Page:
LED lighting, which lasts 10 times longer than incandescent bulbs, is standard inside and out of the cab.
It was a warm day in Utah when I drove the LoadStar, so I appreciated that the air-conditioning was highly effective, thanks to the truck’s industry-leading 14 vents.
The LoadStar is the only trash truck to offer tilt and telescopic steering and it boasts a spacious, 92-inch wide cab. Power locks and windows are available - not to spoil drivers, but to provide a flat door panel and reduce the likelihood of operators’ coveralls getting caught as they climb in and out of the cab.
The cab itself may be the LoadStar’s strongest attribute; it’s made of 4100 stainless steel.
“The biggest thing about stainless steel is that it’s almost immune to perforation,” said Steve Gilligan, vice-president, vocational marketing with Navistar. “If you scratch it, it’s not going to continue to perforate like some of the other materials.”
Stainless steel is 40% stronger than galvanized steel and 62% stronger than aluminum, Gilligan claimed. Owners will need to be mindful that it requires a self-etching primer when paint repairs are necessary.
Interestingly, when the LoadStar is first launched in July 2013, the only power option will be the Cummins ISL G natural gas engine. Diesel offerings will follow four to six months later. Gilligan said Navistar’s transition to selective catalytic reduction (SCR) technology within its own engine line threatened to delay the rollout of the LoadStar, and since up to 50% of the refuse truck market will soon be powered by natural gas, the company opted to introduce its NG version first.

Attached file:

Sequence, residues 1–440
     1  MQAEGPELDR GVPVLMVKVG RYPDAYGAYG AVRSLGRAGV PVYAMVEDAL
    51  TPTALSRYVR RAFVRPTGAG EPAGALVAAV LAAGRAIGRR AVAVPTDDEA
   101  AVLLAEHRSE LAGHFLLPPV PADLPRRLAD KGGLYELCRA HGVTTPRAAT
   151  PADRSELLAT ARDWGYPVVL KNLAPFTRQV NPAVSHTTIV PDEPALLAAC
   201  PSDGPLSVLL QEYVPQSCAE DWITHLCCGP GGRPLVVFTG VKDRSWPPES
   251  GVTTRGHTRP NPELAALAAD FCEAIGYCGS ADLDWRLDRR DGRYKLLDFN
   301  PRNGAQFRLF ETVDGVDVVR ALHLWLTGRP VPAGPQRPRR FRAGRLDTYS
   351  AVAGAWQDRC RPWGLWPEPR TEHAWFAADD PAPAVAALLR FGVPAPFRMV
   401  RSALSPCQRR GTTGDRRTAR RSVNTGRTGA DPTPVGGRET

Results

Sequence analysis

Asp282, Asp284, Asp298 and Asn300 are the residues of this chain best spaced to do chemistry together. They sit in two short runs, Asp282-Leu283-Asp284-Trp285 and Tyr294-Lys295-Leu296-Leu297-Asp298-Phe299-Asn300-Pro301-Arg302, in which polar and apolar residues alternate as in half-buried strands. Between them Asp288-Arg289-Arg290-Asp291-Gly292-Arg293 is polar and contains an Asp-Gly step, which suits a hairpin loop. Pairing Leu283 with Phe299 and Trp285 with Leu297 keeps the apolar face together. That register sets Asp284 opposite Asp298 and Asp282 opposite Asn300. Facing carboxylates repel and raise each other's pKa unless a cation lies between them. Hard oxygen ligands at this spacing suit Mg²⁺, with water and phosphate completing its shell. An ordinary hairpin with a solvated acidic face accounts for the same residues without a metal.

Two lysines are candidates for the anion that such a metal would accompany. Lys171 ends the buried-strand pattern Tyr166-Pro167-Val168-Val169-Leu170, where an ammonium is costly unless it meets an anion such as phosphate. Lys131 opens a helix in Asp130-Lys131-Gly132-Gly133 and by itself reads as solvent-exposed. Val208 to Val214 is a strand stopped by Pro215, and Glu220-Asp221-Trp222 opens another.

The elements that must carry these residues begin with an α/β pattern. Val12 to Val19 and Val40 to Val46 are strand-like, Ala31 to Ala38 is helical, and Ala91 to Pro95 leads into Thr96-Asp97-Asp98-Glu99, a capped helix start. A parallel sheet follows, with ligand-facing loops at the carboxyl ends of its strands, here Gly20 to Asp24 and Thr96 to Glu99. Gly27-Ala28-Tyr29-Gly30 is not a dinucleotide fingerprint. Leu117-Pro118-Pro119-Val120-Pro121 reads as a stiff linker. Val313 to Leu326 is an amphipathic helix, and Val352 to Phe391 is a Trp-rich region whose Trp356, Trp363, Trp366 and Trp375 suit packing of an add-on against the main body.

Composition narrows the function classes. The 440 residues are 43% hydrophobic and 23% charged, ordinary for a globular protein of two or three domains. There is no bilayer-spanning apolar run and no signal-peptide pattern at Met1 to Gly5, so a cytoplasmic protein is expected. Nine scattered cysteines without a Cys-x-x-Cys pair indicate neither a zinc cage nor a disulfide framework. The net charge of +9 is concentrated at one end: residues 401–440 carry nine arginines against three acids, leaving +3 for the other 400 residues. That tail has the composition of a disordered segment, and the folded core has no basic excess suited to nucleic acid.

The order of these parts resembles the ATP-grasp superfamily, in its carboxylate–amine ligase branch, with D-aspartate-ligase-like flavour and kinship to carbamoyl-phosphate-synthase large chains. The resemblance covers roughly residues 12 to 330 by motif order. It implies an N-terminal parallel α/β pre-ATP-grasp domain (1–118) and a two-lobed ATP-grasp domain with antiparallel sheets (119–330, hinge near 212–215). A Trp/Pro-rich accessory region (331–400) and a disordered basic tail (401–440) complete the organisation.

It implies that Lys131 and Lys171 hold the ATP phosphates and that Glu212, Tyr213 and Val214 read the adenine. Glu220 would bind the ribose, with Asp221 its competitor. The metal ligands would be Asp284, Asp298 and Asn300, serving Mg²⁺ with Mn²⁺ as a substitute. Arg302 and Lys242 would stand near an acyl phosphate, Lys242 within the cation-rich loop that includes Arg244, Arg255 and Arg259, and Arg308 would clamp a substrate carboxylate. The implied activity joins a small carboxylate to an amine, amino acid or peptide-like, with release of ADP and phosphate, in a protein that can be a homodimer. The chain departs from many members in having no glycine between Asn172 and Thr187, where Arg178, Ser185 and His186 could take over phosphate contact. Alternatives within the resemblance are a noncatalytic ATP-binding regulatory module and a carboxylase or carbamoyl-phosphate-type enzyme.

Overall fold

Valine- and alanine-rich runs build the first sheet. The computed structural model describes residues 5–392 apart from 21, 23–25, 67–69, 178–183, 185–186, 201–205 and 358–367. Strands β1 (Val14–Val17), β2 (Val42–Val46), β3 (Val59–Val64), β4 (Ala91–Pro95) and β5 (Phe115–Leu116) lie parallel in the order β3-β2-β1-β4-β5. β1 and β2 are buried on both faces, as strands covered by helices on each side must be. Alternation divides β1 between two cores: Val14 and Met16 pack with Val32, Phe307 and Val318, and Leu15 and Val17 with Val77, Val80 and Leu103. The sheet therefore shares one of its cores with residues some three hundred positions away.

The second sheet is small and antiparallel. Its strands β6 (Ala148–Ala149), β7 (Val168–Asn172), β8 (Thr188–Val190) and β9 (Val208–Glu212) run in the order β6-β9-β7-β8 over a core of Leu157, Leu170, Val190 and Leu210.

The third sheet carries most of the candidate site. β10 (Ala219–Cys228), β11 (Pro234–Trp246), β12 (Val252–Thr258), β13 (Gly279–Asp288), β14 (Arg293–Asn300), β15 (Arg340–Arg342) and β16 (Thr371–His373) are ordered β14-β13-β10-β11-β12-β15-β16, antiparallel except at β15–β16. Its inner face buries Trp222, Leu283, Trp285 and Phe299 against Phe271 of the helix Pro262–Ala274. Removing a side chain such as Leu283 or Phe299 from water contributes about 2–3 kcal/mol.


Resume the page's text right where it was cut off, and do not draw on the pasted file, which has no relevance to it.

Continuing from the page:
Currently, one in four refuse trucks are powered by compressed natural gas, E-Z Pack’s Rogers noted, and that’s expected to climb to 33% next year and 50% by 2015.
“We originally planned to launch with the MaxxForce 9, 10 and 11,” Gilligan explained. “We changed our engine strategy and moved into the SCR realm and we didn’t want to delay this program. Our customers started telling us they’re looking at natural gas harder every year. We didn’t want to slow down the launch of this truck.”
The low cabover engine (LCOE) refuse truck market is relatively small, with just 30,000 such trucks sold in North America over the past five years. The segment leader is Mack, followed by Autocar and then Peterbilt. With its partnership with E-Z Pack and rugged, driver-oriented design, International hopes its LoadStar will be one of the front-runners in this segment in the years ahead. The truck itself is very well designed and the benefits of complete integration between the chassis and body are difficult to ignore. Add to that the comfort most International dealers have with bidding on municipal tenders and it’s easier to understand why the company is so enthusiastic about jumping into a relatively small market segment.